15-21 August 2005
Installment #282---Visitor #

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Join us for another
Winter Hummingbird Expedition to Costa Rica
in November/December 2005 or February 2006

Our hummingbird banding demonstrations for
2005 are now complete.
(Click on the logo at left for details about booking
"Hummingbird Mornings" presentations for your own facility in 2006 or beyond)


As described last week, our August bird banding demonstrations in Kentucky, Virginia, and Maryland were punctuated by perspiration precipitating from every pore. Thus, we weren't surprised this week to still be sweating as we finished our 2005 slate of "Hummingbird Mornings" closer to home in Mecklenburg County NC. According to the Dog Star (Sirius), summer "dog days" were actually over on 11 August, but that didn't stop heat AND humidity in the 90s from soaking our Operation RubyThroat T-shirt during our most recent presentations. And although things weren't much cooler back at Hilton Pond Center, just like last week there still was plenty of hot-weather nature activity to observe and photograph. As a result, we'd like to present another "Dog Days Kinnikinnick" to illustrate the diversity. We know the term "kinnikinnick" from undergrad days at Newberry College, where we occasionally contributed to the student arts magazine--called the "Kinnikinnick" after an old Native American word meaning "mixture." That was an appropriate name for a journal containing everything from short stories to poems to drawings, but our kinnikinnick for this week is the following assortment of photos taken as we walked around Hilton Pond.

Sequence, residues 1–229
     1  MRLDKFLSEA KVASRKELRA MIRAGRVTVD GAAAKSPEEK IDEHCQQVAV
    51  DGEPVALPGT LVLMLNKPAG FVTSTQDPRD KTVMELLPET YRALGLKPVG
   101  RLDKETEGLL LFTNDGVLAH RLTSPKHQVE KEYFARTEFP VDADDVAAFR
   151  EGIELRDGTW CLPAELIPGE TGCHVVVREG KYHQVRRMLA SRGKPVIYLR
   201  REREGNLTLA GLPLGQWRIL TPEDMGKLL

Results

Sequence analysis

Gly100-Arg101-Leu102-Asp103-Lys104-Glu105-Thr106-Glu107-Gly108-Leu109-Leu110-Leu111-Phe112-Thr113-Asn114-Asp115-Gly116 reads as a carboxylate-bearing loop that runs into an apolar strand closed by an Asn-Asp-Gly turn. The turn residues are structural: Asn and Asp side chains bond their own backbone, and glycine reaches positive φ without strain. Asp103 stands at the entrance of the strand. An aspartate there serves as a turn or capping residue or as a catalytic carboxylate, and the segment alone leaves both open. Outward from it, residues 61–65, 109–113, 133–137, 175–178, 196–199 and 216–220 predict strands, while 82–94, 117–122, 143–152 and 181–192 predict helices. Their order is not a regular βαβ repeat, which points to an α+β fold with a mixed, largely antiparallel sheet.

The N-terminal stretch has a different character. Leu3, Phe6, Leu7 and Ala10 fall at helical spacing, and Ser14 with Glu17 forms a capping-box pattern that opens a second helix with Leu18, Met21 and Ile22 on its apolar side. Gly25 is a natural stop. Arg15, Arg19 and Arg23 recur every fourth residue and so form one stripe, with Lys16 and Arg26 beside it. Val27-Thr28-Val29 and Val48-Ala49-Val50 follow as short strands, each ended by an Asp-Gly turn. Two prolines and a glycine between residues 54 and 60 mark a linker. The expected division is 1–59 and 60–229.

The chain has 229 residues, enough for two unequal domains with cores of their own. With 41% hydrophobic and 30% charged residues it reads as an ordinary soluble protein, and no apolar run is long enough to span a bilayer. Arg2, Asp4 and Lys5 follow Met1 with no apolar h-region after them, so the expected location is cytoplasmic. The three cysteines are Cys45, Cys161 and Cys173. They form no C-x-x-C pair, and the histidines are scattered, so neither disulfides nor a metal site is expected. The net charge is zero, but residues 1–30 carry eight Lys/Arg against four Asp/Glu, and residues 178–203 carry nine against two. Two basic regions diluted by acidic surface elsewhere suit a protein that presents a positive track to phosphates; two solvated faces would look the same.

All text & photos © Hilton Pond Center

We actually didn't get very far before our first photographic subject presented itself--actually, THEMselves--on the sliding entry door to our office. Through the pane we could see two large, black insects clinging to the glass and, in a sense, to each other. Because of their bright orange heads, jet black wings, and blue-black bodies, we recognized the creatures as Cisseps fulvicollis or Yellow-collared Scape Moths--so-called because the first section of their large, feathery antennae is a joint called a "scape." In late summer we frequently find these diurnal moths nectaring on various asters and Goldenrod flowers (left), but never had we seen a pair copulating. We first photographed them from inside the Center's old farmhouse so we could see their ventral side (top photo), after which we carefully slid open the door and went outside for a dorsal view (below).

Like most of their night-flying relatives, scape moths fold their wings back when at rest, with forewings completely covering the hindwings. In the photo just above, the moth on the right appears lighter in color, but this was merely an artifact of ambient lighting; except for their heads and "collars," both moths were completely black. To be honest, we found it impossible to tell which insect was male and which was female, although the broader, more receptive antennae of the uppermost moth may indicate male-ness. Had they been separate, we might have used a hand lens to see the male's blunt abdomen and "clasper"--a secondary sexual structure that creates a tight bond with the female and assures sperm transmission. The clasper on this particular male obviously worked quite well because he never separated from his mate during the half hour or so we spent making photographs--and for at least three hours following. Eventually, when we weren't watching, the moths uncoupled and flew in different directions; we suspect the female was off to oviposit on some species of lichen, grass, or sedge--the preferred food of her soon-to-hatch caterpillars.